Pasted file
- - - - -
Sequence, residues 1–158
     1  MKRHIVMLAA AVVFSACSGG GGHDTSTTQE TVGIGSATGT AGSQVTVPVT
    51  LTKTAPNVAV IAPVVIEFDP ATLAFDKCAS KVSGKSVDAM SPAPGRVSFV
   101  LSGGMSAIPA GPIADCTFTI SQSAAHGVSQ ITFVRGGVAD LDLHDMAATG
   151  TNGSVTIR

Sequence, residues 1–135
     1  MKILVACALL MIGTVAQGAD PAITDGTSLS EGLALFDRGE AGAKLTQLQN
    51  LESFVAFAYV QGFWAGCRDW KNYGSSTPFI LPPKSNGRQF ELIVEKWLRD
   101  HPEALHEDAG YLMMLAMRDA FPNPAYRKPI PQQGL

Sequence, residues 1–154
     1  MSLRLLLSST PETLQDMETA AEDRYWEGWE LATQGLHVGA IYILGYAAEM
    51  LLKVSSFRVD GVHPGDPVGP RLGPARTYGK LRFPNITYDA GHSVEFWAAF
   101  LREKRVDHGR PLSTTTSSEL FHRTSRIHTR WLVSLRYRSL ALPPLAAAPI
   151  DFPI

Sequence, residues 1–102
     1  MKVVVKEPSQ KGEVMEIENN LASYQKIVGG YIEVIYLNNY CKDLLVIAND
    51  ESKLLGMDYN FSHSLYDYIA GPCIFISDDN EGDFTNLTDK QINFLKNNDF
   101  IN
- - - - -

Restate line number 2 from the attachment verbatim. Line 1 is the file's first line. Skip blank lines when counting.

     1  MKRHIVMLAA AVVFSACSGG GGHDTSTTQE TVGIGSATGT AGSQVTVPVT